"Albeit, there is concern out there about the origins of some of those products but that is the Government's job to pass those shipments coming in."
Asked whether there is an ethical dilemma for Irish farmers especially if feed is coming from Russia when it is at war with Ukraine, Mr McCormack said: "It is well beyond the farmer's pay scale. That's an ethical issue for the Government."
He added if the Government says the imports "pass the various protocols of trade, at this given time, then Irish farmers will use that feed. It is up to the Government to make the legislation and to make the decisions".
In a statement, the Department of Transport - whose role it is to inform ports whether they can accept Russian flagged vessels - confirmed the Russian flagged ships docked following agreement between it and the departments of Agriculture and Enterprise Trade and Employment.
It said: "The Department of Enterprise, Trade and Employment (DETE), through its Trade Licensing and Control Unit, is responsible for the implementation of trade sanctions in accordance with Ireland's international commitments and obligations as a member of the EU.
"Almost all EU sanctions regimes provide for situations where, for various reasons, the sanctions do not apply. These may take the form of exemptions, which apply automatically, or derogations, for which an authorisation issued by a Competent Authority is required.
"Sanctions targeting Russia and Belarus in response to the invasion of Ukraine are no different. They contain numerous exceptions to ensure that sanctions are effective, implementable, and impact Russia more than they impact the EU. Exemptions and derogations are included for very good reasons, including to ensure security of supply of food and other essential products on the European market.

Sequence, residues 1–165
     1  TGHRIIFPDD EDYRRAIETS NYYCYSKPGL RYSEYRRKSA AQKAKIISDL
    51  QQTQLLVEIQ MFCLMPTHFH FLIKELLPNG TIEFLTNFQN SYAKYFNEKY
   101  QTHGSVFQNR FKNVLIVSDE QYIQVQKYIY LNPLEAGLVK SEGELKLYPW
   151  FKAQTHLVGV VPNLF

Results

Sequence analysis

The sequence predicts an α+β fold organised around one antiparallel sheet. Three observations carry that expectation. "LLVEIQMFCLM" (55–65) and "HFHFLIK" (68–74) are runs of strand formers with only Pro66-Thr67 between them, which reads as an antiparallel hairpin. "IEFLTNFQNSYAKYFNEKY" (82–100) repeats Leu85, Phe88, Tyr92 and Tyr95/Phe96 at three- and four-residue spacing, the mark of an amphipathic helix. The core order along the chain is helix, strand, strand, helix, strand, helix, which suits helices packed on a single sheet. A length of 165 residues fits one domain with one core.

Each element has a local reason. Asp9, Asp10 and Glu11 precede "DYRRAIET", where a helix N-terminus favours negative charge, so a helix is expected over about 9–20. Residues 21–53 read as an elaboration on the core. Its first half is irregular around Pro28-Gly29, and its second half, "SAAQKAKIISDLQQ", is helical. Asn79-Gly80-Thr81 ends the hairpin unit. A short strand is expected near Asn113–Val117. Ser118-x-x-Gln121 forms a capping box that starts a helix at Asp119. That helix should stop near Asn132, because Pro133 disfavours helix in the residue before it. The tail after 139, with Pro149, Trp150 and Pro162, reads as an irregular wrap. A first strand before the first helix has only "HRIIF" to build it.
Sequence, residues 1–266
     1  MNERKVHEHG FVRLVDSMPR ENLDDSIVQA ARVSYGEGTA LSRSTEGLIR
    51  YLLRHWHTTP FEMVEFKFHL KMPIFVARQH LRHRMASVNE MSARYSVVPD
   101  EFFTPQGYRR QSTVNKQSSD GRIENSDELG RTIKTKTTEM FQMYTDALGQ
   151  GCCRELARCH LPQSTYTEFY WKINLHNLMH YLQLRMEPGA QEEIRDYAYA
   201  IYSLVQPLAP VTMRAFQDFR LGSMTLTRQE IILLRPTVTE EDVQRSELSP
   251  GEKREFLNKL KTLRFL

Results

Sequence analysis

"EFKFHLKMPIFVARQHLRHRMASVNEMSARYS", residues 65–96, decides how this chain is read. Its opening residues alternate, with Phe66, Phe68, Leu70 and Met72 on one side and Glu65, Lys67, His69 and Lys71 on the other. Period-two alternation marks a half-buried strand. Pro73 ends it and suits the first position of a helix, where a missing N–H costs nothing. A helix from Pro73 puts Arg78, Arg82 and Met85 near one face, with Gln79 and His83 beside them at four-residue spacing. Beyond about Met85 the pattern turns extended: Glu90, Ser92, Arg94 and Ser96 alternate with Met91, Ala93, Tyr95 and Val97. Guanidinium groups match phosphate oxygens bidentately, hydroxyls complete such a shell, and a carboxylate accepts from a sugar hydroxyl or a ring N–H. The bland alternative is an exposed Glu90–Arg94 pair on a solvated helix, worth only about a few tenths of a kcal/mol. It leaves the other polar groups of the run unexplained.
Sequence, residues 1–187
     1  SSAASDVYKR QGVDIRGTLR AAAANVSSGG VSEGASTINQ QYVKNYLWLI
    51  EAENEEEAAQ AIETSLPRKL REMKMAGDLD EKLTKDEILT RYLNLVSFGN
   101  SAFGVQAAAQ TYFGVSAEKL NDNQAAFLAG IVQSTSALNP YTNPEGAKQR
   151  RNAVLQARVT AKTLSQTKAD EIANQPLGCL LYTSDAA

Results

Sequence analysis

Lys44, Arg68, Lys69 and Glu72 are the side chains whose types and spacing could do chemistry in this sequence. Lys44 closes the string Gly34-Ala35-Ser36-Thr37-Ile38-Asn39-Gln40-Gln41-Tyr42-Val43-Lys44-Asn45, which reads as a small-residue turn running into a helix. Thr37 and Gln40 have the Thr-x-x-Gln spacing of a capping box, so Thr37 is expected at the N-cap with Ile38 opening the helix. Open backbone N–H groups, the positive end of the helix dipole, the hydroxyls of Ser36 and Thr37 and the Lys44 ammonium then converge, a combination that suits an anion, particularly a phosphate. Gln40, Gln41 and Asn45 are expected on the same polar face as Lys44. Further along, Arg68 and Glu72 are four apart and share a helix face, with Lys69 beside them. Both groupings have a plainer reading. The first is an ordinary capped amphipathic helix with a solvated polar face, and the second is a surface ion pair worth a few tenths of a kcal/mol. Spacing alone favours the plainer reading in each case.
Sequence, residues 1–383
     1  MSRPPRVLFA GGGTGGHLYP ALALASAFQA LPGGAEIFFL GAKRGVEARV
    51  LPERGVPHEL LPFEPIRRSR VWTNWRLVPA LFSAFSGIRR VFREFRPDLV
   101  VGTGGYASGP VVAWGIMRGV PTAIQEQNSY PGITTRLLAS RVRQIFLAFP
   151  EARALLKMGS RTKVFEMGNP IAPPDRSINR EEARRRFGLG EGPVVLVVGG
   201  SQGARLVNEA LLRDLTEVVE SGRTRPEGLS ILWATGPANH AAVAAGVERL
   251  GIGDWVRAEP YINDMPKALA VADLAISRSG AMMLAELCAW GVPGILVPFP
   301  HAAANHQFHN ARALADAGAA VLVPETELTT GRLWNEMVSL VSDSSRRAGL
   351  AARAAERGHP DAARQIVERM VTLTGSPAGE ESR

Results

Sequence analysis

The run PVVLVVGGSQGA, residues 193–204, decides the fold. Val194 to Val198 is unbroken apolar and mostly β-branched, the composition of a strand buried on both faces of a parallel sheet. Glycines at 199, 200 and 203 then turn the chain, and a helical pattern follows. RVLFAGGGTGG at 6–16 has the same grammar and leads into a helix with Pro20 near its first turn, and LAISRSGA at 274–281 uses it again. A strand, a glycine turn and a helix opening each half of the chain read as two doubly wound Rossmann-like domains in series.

"DETE is also a Competent Authority in Ireland for the purposes of Council Regulation (EU) No 833/2014 concerning restrictive measures in view of Russia's actions destabilising the situation in Ukraine, as amended by Council Regulation (EU) 2022 /576. This Regulation makes provision for a national Competent Authority (DETE) to authorise a derogation from the prohibition of Russian Vessels entering Irish Ports on limited and very specific grounds. The EU sanction prohibiting Russian-flagged vessels accessing EU ports has an explicit derogation to allow for the import of agricultural and food products.
"In this role, DETE informed the Department of Transport that following a recommendation received from the Department of Agriculture, Food and the Marine, it had authorised derogations for both of these vessels to enter Irish ports. The Department of Transport subsequently informed the relevant ports of these authorisations."
Similar statements to the that from the Department of Transport were issued by the Department of Foreign Affairs and the Department of Agriculture, Food and the Marine.
The tonnage of the Russian flagged ships that arrived to Ireland in recent weeks, and the origin of the exact origin of the grains, could not be confirmed.